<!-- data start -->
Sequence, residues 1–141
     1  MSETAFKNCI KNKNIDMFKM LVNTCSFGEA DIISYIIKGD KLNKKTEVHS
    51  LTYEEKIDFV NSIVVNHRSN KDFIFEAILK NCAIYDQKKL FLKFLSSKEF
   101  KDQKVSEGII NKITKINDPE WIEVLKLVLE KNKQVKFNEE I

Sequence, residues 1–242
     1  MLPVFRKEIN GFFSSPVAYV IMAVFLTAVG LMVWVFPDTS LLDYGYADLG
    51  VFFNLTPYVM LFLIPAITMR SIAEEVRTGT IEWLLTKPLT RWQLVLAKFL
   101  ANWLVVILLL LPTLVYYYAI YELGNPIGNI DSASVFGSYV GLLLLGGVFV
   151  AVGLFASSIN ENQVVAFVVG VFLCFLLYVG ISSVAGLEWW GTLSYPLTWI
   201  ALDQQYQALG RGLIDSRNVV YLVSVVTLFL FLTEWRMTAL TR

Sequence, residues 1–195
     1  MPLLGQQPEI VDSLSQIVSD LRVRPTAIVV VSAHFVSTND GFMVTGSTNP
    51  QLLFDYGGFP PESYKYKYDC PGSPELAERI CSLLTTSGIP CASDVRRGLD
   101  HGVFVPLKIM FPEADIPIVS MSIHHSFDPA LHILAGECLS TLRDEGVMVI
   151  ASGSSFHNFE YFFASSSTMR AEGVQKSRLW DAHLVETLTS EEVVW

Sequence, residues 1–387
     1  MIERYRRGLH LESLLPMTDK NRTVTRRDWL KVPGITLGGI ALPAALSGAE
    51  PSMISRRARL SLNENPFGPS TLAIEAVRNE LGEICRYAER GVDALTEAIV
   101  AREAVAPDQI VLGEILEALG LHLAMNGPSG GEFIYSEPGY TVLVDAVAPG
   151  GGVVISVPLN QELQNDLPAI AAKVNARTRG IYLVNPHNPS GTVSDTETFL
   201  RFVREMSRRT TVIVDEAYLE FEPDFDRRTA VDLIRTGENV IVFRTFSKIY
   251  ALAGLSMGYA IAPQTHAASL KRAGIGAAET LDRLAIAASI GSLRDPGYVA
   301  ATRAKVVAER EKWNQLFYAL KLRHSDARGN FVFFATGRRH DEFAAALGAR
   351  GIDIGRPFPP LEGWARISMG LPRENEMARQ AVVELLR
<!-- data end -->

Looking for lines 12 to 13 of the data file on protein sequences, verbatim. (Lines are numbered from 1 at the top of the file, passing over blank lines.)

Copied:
     1  MPLLGQQPEI VDSLSQIVSD LRVRPTAIVV VSAHFVSTND GFMVTGSTNP
    51  QLLFDYGGFP PESYKYKYDC PGSPELAERI CSLLTTSGIP CASDVRRGLD